If you are an avid reader of this blog you will know about my love of cobbler – you just have to read about my tart cherry cobbler or how I compromised on a peach pie. Those are all fine and dandy, I wanted to give something else a try. Last week I found an excellent deal on some pluots for only 69 cents a pound. So of course I bought as much as a bag could hold. I also had on hand some rhubarb that my mom gave me the last time she was at my house. Thus inspiration was born – pluot rhubarb cobbler. The tartness of the rhubarb and the sweetness and the added zing of the skin of the pluot makes for a delightful flavor combination. The pluots give an amazing texture when cooked like a gelatin. They make excellent jam.
To learn more about different types of baked fruit desserts, read my post on What is the Difference Between a Cobbler and a Crisp?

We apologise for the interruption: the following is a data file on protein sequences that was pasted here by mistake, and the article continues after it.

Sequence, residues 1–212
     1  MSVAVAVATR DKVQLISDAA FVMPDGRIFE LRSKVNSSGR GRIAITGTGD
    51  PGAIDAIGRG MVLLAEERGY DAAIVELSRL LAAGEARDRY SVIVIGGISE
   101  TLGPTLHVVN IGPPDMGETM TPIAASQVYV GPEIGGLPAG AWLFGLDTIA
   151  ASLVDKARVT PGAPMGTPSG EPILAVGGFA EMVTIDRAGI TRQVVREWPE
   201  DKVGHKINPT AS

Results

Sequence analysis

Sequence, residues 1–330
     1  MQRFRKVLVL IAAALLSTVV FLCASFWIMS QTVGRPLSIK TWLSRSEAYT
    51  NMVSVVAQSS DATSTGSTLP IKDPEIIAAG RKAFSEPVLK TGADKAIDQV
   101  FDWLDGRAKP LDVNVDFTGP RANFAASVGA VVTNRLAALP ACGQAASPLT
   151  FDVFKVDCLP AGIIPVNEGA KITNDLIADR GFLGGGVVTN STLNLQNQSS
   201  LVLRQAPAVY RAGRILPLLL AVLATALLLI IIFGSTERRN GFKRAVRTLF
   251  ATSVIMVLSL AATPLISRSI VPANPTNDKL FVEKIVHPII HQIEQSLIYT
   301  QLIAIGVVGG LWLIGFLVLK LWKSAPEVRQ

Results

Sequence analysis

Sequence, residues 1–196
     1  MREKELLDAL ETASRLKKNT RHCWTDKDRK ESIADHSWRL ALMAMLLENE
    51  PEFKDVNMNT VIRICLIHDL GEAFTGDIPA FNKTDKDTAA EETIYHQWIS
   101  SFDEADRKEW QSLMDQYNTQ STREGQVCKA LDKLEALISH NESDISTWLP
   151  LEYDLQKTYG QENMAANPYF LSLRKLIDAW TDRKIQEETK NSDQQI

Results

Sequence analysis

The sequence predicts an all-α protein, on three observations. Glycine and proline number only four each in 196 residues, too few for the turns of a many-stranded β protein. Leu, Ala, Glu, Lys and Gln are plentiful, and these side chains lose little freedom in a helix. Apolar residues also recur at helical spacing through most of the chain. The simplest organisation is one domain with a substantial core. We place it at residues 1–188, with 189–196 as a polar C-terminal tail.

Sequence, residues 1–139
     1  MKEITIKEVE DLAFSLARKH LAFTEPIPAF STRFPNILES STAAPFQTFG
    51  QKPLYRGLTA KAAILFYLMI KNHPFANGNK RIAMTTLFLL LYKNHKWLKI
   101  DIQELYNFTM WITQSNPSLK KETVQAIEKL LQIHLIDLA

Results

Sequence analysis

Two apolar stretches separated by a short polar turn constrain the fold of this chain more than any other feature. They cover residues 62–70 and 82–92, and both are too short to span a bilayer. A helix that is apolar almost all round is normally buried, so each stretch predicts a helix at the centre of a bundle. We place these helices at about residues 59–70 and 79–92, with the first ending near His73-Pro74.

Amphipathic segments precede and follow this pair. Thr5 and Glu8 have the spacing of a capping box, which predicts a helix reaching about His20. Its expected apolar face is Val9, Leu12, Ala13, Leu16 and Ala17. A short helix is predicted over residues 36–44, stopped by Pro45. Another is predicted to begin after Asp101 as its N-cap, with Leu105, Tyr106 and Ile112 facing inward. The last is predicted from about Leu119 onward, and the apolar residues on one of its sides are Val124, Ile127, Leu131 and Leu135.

I made a double batch of what I would normally do, such as with previously mentioned cherry cobbler. So either make it large or cut it in half. The double batch serves about 8-10 people as it is rich, so you don’t need to eat a whole lot to be satisfied, good for your waist line!
- 4 tablespoons cold butter, cut into cubes
- ¼ cup brown sugar
- ½ cup all-purpose flour
- Demerara sugar for sprinkling (optional)
- pinch of kosher salt
- 3 cups pluots
- 3 cups rhubarb
- 1⅓ cups flour
- 6 tablespoons potato starch or tapioca flour
- Preheat the oven to 350 degrees.
- Slice the plouts like you would eat them and cut those slices in half. It is not necessarily to remove the skin. Slice the rhubarb into ½ inch pieces.
- Combine the fruit, starch or flour, and sugar in a baking dish.
- In a mixing bowl, combine the brown sugar and flour. Add the butter. Using your hands rub the butter into the sugar/flour mix until it’s the texture of cornmeal.
- Evenly distribute the topping on the fruit. Sprinkle on some demerara sugar on top (optional)
- Bake in the oven for 30 to 40 minutes or until the topping has browned and the fruit is bubbling. Allow to cool until the fruit sets up before serving. Can be served warm, cold, or at room temperature.